Fast forward once more to progression on M’uru the Guild Destroyer. This was a boss that required perfection from your raiders for two long phases, high dps, good communication, and was an encounter I tanked. And once you did everything perfectly, there was an aspect of RNG that could screw you over. So many guilds fell apart on this wall of a boss, stuck on him for months. And as morale in many guilds waned, my core players were content wiping, trying again, bashing our heads against it until we’d kill it. But a couple of our younger players weren’t content. Maybe it was the millennial in them, the short attention span, or simply the lack of maturity, they cowardly quit and jumped ship to the one guild ahead of us on progression. And with those players, our warglaives went.

While there was some anger towards these disloyal players, and in particular our warglaives carrier who had been with us since AQ40, Rootleaf said one thing that resonated with all of us: In a game where weapons are pixels, rankings won’t matter in years to come, what matters is who you can trust.

And this is the point I want to get across. At the end of the day, it doesn’t matter if you’re killing Bosses on US 30th, or 50th. It doesn’t matter if you get a weapon or trinket the first time it drops, or the second. What matters is who you spend your time with, whether you enjoy playing with them, them being part of your team, and who you can trust. That is a life lesson that many haven’t learned yet. And that is a life lesson I’m giving you after 14 years of MMOs and being at the helm of higher echelon guilds.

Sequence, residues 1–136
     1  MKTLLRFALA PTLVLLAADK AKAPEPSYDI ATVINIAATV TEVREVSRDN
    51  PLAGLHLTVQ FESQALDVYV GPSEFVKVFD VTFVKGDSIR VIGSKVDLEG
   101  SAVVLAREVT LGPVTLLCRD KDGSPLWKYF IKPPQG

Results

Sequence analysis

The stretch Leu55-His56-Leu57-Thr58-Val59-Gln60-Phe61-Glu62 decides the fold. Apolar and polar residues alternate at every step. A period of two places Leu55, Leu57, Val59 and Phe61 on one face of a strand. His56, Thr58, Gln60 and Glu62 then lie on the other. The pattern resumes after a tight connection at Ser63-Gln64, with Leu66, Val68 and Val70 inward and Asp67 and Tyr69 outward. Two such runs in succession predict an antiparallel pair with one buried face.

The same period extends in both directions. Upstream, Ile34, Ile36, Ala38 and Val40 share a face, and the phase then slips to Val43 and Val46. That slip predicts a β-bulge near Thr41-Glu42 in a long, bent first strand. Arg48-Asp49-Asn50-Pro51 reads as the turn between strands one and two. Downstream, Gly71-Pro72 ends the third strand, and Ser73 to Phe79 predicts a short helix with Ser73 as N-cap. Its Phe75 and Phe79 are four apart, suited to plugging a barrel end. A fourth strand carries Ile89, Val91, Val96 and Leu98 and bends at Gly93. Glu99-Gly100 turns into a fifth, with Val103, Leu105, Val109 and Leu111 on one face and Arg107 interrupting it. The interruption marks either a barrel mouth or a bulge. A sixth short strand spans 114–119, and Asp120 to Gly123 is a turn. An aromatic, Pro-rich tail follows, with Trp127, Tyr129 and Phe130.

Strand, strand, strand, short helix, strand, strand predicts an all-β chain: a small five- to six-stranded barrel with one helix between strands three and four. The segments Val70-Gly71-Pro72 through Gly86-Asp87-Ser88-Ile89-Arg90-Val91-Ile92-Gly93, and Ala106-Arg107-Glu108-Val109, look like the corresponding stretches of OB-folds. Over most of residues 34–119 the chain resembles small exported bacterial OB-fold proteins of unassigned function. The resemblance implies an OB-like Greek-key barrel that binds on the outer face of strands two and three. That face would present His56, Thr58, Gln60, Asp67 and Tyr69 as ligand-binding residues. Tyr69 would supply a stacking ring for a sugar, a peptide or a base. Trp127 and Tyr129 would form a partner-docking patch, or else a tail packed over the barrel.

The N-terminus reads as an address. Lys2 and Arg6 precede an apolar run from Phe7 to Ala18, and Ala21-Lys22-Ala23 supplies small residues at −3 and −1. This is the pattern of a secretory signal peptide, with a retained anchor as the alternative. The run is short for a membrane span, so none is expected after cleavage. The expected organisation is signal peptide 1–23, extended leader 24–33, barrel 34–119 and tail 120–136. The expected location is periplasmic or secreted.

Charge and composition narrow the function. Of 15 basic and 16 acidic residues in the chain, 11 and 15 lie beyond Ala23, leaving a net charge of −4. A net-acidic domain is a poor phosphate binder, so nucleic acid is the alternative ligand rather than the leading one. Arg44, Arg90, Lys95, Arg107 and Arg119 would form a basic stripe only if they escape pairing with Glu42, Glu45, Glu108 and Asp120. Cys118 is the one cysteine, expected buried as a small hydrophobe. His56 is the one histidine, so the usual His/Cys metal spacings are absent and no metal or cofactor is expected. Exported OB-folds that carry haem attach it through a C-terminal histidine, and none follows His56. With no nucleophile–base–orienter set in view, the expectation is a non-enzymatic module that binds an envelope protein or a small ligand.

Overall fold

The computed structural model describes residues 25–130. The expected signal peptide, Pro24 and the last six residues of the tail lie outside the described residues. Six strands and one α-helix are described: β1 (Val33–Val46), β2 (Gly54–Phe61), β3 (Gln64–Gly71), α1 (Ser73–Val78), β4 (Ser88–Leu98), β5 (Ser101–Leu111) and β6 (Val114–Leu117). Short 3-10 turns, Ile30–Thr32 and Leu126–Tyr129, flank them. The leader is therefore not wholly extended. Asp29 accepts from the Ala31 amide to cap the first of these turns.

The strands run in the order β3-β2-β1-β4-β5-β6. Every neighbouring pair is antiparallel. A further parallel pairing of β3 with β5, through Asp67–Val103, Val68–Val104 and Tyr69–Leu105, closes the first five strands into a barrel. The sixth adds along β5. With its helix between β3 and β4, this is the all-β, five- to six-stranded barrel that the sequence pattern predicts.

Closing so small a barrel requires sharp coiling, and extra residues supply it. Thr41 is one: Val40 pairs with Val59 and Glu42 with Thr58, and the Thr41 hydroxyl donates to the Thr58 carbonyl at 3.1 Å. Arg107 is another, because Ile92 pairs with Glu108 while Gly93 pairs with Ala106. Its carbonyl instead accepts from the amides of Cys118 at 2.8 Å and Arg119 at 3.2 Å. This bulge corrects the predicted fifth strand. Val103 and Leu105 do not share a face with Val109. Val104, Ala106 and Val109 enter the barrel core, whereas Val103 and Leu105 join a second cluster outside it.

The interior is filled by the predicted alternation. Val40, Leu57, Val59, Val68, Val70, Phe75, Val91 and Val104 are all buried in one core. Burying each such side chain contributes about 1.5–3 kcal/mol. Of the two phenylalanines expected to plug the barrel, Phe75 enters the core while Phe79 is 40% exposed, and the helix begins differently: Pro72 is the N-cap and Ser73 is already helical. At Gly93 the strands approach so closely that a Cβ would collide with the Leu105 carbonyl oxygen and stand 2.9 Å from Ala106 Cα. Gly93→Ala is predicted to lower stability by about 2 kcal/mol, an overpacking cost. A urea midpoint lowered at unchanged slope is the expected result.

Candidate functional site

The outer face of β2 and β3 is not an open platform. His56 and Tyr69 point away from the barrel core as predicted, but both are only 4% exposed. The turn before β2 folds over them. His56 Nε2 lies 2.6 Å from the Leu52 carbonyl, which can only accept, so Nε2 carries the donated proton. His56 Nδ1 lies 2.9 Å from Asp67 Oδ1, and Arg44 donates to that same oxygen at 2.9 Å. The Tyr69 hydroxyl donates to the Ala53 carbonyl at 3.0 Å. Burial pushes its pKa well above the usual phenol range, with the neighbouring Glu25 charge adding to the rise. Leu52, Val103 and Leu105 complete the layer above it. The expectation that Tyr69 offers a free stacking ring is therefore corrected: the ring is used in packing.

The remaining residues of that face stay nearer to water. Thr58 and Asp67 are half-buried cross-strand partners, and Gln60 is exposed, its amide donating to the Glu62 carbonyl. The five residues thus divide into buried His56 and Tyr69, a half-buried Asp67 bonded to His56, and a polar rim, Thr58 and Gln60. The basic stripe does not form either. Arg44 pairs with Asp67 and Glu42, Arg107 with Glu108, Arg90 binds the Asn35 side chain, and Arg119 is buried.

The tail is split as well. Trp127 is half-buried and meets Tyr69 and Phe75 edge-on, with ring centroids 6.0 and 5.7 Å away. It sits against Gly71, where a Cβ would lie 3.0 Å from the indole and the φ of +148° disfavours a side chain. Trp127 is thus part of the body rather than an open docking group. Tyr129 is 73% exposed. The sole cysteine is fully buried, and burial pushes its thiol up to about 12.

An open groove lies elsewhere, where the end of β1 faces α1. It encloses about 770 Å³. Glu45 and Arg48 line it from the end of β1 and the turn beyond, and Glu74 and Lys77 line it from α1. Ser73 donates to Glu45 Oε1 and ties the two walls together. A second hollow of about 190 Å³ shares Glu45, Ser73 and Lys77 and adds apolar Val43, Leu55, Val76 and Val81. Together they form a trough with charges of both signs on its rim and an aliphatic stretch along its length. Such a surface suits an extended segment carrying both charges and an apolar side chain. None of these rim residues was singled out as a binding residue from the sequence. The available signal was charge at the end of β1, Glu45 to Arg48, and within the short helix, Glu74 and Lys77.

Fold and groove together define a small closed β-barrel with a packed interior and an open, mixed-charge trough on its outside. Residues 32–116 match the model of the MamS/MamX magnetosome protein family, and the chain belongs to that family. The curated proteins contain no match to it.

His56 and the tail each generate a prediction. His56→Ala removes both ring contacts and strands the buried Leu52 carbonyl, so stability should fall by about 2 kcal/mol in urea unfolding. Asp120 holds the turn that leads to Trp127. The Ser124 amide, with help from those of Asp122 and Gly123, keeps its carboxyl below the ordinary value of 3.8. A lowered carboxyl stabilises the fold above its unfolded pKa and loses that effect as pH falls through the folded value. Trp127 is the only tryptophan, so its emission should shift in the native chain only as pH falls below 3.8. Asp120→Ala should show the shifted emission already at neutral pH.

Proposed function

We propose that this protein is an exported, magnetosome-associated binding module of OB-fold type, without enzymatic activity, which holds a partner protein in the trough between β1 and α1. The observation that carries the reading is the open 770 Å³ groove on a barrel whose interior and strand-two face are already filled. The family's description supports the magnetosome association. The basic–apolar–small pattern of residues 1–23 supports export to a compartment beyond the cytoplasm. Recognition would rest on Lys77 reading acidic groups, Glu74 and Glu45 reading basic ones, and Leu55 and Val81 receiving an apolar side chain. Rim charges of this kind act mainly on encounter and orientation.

Our first Kil'Jaeden kill, Rootleaf in the middle.
Our first Kil’Jaeden kill, Rootleaf in the middle.

So onto the blog! When do you get rid of a player that isn’t fitting in with your guild? How do you deal with a player/raider that is for the most part awesome, but turning into a cancer that is killing morale and hurting the raid atmosphere?

The short answer: when it suits your guild. And I realize that is a little pragmatic but the survival of your guild is the most important thing. It transcends friendships, raiding, loot, everything. Your guild is the reason these friendships have been formed and nothing is more important than the continuity of your team, your family.